Artificial intelligence yields breakthrough innovation in crop science
Analytics and machine learning speed testing of new fungicides.
Protecting crops to feed a growing population
Boragen partners with SAS to fight plant disease, protect crops and boost agricultural production sustainably
People eat an estimated 100 billion bananas every year, making them one of the most consumed fruits on the planet. It’s hard to imagine a world without bananas – yet the possibility exists. The future banana supply at your nearest supermarket is under siege by fungal diseases. Black Sigatoka is one of the most destructive diseases to commonly grown banana cultivars. Like so many pathogens, it has developed resistance to current fungicides.
Bananas aren’t the only crop threatened by fungicide resistance. The problem affects global agriculture, with resistance documented for nearly 200 diseases. Without a solution, fungicides will continue to diminish in efficacy, resulting in poorer yields and reduced crop quality.
To ensure continued bountiful production of grains, fruits and vegetables, new tools are needed to augment sustainable agricultural practices. The most effective tools often merge ancient farmer know-how and natural products with new data-driven approaches. One example of this is using elements essential for life to grow healthier crops and protect them from noxious fungal diseases.
Biotechnology company Boragen is combining crop science with data science to spur sustainable fruit and vegetable production with a novel approach.
Better data analysis can help us uncover innovations that escape the human eye. SAS will be an essential tool for helping us discover more efficient and sustainable solutions to the most pressing agricultural challenges of our time. Dr. Tony Liu Chief Scientific Officer and Co-Founder Boragen
A novel approach with boron
Founded in 2015, boron chemistry discovery firm Boragen is on the vanguard of using boron to create new molecules for the next generation of crop-protection solutions.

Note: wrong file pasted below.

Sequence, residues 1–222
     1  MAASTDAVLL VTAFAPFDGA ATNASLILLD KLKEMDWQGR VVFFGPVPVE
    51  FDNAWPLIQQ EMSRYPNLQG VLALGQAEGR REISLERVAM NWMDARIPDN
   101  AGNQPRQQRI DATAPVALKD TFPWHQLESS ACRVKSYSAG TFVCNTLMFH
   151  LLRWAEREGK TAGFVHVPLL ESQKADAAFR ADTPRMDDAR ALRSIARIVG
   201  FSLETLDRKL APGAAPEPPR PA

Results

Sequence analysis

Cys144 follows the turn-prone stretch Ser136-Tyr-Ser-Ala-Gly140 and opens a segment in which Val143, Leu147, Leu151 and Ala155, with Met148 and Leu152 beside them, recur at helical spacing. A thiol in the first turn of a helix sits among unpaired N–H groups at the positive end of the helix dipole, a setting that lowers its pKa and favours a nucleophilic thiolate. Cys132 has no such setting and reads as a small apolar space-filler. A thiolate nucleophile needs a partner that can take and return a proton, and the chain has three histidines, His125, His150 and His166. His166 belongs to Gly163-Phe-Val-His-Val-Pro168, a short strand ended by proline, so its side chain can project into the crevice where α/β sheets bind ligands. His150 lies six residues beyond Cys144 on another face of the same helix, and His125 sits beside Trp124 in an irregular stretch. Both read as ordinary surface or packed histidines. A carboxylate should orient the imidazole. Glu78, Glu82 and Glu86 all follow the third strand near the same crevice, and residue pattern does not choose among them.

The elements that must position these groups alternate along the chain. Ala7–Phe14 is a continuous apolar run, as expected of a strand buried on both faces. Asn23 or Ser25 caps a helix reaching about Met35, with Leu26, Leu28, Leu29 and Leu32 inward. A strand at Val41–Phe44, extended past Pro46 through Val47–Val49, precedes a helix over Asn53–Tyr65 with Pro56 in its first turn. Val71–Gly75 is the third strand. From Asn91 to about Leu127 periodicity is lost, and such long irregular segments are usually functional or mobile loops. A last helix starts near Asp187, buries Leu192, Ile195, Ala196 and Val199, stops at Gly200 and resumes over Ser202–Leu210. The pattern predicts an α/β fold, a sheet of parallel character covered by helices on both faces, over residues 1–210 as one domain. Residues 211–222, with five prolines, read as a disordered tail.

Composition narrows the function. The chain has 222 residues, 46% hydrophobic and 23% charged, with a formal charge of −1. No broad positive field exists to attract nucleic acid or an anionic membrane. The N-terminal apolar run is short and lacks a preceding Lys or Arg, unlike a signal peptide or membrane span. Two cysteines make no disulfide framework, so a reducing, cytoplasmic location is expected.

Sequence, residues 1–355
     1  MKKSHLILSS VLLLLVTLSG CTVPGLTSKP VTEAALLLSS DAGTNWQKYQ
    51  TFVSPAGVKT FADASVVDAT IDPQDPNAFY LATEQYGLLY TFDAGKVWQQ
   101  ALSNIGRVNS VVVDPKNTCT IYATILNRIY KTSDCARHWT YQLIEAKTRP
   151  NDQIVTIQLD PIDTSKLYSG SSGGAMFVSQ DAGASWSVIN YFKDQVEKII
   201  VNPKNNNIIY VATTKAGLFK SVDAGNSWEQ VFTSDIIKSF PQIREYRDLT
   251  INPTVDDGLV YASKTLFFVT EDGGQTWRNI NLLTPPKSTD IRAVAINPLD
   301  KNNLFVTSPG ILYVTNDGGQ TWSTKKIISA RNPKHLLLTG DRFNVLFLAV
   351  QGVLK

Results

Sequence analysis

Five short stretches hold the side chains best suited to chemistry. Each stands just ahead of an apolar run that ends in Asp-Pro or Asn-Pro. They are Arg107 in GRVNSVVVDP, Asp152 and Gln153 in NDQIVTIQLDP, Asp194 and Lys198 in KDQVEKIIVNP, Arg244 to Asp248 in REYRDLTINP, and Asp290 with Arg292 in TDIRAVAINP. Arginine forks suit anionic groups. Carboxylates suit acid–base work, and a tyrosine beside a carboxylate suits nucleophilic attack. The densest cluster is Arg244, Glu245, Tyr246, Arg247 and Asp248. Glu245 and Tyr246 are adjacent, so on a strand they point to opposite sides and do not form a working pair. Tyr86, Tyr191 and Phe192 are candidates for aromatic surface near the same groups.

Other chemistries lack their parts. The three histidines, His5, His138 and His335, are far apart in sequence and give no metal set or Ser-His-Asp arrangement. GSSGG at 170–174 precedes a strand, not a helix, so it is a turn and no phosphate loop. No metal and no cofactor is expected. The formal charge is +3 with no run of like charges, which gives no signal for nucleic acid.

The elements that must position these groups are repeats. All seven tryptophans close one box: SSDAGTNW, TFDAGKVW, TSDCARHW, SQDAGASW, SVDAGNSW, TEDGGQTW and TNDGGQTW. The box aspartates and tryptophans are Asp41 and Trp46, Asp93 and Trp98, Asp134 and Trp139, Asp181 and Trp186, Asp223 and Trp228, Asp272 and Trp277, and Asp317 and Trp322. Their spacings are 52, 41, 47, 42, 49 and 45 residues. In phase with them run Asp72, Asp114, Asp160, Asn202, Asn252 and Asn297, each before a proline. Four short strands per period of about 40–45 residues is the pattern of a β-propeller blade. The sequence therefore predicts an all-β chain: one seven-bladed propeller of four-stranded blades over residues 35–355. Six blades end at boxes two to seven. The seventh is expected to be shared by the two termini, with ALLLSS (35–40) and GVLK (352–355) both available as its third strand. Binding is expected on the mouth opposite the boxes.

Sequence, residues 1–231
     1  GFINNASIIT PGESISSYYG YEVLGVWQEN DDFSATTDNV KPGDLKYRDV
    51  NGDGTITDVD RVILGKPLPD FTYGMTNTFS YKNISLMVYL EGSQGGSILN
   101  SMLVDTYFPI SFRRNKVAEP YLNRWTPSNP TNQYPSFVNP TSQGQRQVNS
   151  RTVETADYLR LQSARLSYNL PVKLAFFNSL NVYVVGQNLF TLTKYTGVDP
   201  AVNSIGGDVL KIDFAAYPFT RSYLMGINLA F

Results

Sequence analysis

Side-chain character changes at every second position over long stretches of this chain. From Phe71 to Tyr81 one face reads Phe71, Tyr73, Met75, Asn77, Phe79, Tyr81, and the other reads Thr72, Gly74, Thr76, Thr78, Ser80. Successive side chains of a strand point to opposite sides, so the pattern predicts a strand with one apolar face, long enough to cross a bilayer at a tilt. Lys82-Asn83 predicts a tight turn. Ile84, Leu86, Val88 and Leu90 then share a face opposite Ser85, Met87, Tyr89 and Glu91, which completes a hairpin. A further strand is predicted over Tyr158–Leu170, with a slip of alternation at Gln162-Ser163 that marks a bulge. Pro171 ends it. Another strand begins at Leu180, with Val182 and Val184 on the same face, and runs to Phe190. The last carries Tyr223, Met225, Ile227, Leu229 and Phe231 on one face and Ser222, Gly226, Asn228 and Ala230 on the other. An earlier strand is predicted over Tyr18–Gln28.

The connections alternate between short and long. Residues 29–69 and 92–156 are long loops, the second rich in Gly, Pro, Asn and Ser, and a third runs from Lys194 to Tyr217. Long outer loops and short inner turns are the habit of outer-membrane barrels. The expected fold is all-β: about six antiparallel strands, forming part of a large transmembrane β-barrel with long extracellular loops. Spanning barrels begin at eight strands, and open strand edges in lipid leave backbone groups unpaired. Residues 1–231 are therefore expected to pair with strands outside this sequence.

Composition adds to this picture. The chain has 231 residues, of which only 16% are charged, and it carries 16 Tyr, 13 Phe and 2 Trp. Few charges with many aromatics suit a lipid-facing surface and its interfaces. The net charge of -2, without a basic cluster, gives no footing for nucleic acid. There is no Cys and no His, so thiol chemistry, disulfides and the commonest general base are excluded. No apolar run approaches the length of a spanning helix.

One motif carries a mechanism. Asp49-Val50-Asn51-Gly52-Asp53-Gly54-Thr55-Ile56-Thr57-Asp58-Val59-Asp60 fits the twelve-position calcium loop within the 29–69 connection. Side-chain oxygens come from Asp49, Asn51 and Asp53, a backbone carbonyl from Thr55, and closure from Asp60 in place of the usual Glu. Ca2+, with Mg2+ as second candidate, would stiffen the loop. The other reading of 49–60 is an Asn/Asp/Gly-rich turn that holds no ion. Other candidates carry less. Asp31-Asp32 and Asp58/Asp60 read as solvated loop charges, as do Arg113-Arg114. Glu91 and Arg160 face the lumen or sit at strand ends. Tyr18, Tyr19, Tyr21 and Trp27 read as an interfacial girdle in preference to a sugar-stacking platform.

Boron is a naturally occurring element in the environment and an essential micronutrient for plants. Boragen uses a unique boron-based toolbox to develop novel agrochemical compounds with potent broad-spectrum fungicidal activity with new modes of action. Its crop protection library contains compounds that have multisite modes of action to combat resistance while requiring fewer active ingredients than current products.
“Boron has historically been underutilized,” says Dr. Tony Liu, Boragen Chief Scientific Officer and co-founder. “There’s actually very promising chemical matter that can be created with boron for agricultural use.”
To understand agriculture technology is to appreciate its complexity. Getting any new compound from the lab to the field is time-consuming and expensive, involving several phases of testing. For proof of just how difficult this work can be, just consider the lack of innovation in fungicide development despite the urgent need for it.
For Boragen, data and analytics offer a tremendous opportunity to streamline the development of new boron-based compounds. The firm recently partnered with SAS to see how cutting-edge data science could be applied to fuel much-needed innovation in the sector.
“Better data analysis can help us uncover innovations that escape the human eye,” Liu says. “SAS will be an essential tool for helping us discover more efficient and sustainable solutions to the most pressing agricultural challenges of our time.”
Boragen – Facts & Figures
Boragen was founded
Predicting product effectiveness with AI
With agriculture analytics and artificial intelligence solutions from SAS, Boragen gets a unique service whereby the firm shares its research data sets with SAS, and SAS analytics experts apply AI and machine learning technology to identify areas for innovation.